29-07-2021 | | By Stuart Waine
The NHS is at a defining moment thanks to Covid-19. It is neither sustainable nor feasible for this longstanding institution to deliver patient care how it did pre-pandemic because public expectations and the socioeconomic landscape have changed beyond all recognition. ICT costs have increased, communications infrastructures are at capacity, and there has been a surge in demand for specialist equipment and drug regimes, not to mention the coordination of a nationwide vaccination programme. The NHS is under pressure to deliver so much right now that it needs to find innovative, new ways to handle logistics to achieve the performance targets outlined in its digital transformation plan. Leveraging IoT and edge computing could be a plausible way forward.
“IoT has the potential to transform the way hospitals communicate and operate for both patient interaction and behind the scenes logistics. Reliable ICT networks are integral to the process,” says Stuart Waine of Spry Fox networks
Senior executive teams had been investigating viable options for overhauling routine processes long before the pandemic took hold. The NHS first published its long-term transformation plan back in 2019, a programme that identified critical areas for improvement over the next decade. It recognised that seamless mobile connectivity, ICT refreshes and IoT were integral to reducing waiting times, streamlining operations and delivering the highest standards of care, both in hospitals and the wider community.
Many technical aspects have been achieved well ahead of schedule. Different stakeholders scrambled to digitise ‘in-person’ services in super-short timeframes to minimise close contact and prevent facilities from reaching crisis points. These online consultations and other self-help services are likely to remain in place post-pandemic for efficiency and resourcing purposes.
However, as virtual services got introduced, it quickly became apparent that there were significant gaps in the underpinning ICT infrastructures instrumental to their smooth running, which posed clinical, security and operational risks. The security aspect has been heightened further due to the need for remote access to centralised servers to support homeworking. The NHS fell victim to cybercrime back in 2017, and there are concerns that this could happen again if the appropriate systems and networks are not appropriately protected.
Not only are many hospital buildings poorly equipped from an ICT standpoint, but many routine processes are also still manual, which counteracts the objectives for digitisation. Laborious tasks such as knowing the whereabouts of medical staff, tracking down ICU equipment, and clinical records can be so easily automated. Reliable communications infrastructure is needed that enables edge computing and supports mobile-first strategies. Not only are smartphones and tablets taking precedence over desktops for general admin and patient monitoring, pagers and other legacy devices are slowly being phased out because they do not support data-driven services.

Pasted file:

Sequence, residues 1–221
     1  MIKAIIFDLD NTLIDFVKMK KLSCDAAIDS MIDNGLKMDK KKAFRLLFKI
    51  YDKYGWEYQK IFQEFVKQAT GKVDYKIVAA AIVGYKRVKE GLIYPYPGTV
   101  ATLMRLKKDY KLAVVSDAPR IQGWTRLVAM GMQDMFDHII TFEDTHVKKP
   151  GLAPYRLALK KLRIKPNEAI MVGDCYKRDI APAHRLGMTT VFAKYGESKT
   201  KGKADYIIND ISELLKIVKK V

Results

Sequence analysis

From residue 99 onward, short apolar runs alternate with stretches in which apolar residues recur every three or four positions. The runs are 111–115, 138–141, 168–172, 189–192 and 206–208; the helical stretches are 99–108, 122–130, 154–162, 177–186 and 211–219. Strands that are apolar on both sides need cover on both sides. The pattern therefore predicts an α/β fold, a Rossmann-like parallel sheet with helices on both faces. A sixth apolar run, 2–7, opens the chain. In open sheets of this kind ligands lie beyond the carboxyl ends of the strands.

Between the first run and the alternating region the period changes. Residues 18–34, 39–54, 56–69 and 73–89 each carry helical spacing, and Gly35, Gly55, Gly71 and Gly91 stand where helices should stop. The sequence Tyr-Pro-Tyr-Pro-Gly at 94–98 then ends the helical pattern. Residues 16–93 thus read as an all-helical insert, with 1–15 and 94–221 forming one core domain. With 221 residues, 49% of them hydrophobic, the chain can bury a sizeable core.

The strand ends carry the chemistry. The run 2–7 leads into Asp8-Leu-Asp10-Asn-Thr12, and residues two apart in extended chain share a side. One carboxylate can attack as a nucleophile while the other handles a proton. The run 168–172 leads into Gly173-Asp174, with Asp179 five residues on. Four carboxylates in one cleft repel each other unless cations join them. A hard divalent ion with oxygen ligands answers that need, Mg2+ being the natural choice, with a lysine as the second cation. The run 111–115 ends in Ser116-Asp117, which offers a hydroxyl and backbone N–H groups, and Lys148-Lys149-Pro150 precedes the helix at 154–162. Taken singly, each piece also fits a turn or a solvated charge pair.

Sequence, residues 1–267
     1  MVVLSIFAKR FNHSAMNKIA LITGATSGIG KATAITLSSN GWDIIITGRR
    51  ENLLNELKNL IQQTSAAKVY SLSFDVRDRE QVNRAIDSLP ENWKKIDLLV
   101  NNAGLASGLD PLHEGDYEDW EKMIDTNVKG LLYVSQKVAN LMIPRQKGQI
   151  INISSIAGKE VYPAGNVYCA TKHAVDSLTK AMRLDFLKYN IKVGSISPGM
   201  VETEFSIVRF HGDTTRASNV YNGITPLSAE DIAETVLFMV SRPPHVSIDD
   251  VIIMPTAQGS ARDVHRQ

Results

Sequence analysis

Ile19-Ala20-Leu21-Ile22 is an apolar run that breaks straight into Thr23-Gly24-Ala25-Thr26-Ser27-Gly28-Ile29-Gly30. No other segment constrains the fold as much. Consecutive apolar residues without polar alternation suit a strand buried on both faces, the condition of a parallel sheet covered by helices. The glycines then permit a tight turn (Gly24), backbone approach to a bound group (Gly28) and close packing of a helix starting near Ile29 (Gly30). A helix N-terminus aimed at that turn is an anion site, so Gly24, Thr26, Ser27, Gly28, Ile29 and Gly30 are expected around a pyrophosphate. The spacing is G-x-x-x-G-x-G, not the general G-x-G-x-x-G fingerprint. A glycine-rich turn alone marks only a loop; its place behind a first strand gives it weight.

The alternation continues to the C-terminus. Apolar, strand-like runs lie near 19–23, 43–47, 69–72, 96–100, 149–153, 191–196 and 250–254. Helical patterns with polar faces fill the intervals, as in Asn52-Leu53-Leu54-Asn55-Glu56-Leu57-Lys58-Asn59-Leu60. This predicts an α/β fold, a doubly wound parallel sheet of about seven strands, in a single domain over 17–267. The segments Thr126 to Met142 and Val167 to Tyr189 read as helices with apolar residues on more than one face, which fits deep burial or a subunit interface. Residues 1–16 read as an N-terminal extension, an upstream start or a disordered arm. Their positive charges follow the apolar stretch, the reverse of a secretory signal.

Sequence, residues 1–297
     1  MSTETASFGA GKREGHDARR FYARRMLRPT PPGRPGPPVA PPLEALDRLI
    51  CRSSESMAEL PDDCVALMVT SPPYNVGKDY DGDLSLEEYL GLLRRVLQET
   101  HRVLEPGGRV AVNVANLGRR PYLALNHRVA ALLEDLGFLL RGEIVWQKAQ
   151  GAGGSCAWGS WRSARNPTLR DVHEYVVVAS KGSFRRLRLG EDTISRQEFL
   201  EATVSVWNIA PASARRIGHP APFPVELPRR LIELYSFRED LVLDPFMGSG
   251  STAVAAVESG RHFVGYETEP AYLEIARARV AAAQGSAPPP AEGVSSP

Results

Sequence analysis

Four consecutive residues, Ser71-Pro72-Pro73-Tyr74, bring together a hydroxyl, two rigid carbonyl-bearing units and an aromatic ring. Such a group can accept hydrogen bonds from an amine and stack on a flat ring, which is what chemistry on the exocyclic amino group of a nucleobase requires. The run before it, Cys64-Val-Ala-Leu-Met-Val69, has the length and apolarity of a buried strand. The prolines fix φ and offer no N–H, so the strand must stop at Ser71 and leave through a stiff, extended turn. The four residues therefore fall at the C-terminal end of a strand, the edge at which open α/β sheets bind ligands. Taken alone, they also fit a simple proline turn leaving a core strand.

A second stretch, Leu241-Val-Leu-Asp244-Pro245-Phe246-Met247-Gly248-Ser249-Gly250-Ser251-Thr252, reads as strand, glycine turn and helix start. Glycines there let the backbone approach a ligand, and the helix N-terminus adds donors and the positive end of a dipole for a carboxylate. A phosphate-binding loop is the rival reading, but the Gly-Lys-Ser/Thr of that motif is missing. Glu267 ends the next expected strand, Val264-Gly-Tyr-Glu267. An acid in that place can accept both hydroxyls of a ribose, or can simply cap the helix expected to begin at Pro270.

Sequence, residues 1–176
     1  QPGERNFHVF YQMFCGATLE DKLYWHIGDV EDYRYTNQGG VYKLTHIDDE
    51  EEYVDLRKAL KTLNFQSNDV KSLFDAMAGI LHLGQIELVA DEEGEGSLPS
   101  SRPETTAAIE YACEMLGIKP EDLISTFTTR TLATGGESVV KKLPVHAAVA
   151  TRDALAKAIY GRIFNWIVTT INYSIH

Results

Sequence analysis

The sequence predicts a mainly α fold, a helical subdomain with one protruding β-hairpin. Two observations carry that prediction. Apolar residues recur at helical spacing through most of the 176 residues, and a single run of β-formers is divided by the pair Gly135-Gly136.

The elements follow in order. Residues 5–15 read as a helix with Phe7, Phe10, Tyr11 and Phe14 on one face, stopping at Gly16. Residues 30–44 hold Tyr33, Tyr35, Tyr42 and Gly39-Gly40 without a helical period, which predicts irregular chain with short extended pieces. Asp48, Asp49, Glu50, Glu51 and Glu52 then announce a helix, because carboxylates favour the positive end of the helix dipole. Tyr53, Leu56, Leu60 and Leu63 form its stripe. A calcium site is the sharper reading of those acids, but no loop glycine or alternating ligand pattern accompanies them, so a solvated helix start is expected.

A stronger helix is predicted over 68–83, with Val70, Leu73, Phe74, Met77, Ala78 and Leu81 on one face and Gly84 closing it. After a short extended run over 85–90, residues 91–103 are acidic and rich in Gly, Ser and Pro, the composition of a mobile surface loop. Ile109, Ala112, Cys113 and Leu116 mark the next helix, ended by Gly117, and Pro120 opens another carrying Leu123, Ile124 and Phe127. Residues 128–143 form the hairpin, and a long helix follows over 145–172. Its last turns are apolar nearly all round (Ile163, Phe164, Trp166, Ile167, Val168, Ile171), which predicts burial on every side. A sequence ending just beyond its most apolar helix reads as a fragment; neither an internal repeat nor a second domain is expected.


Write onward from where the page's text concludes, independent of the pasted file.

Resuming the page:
Even though IoT is the only feasible way forward in a digitised world, an inevitable after-effect is the amount of data generated as a result. As digitisation gets embraced, requirements will grow for robust ICT networks. Smooth and safe operations can occur with seamless interconnectivity between different technologies and devices running on those networks. A delay of a few seconds can be fatal in a clinical situation.
Large hospitals have historically housed their ICT and communications rooms across multiple buildings and sites. Having multiple sites is not an issue as long as these different facilities can reliably talk to each other. Indeed, if installed appropriately, they could provide the edge framework needed to enable the widescale deployment of IoT and automation. Unfortunately, due to limited resources, outdated servers and reactive maintenance and support, these legacy communications facilities are blighted with synchronisation, and efficiency challenges, often resulting in a system or network failures. The digitised services running on these networks are unworkable in many instances because of latency and performance issues. As healthcare establishments increasingly adopt IoT, their underpinning comms networks must provide the bandwidth needed to support these computing-intensive technologies 24x7.
Ensuring seamless connectivity does not have to be a ‘rip and replace’ process either. Dynamic network monitoring and automated health checks will troubleshoot most glitches before they impact usability, which is increasingly performed remotely. It is important to remember, though, that ICT issues are not always network-related. Sometimes the problems are caused by the different devices running on the network. These issues can be harder to identify because specialist monitoring tools are needed. A system capable of detecting both is Quantum Path. Quantum Path was developed from the ground up to meet the requirements of seamless connectivity. Its service assurance tool can dynamically monitor the local ICT and Wi-Fi networks, quality of service of the wider broadband/mobile networks, and data and voice performance at the network and device-level 24x7 to ensure seamless connectivity within an edge computing framework.
Ambitions of truly embracing next-generation technologies can be little more than a pipedream for many NHS Trusts on account of legacy ICT infrastructures and limited funds. Providing the networking conditions needed to support IoT is neither difficult nor expensive if you use the right tools and work with an experienced provider.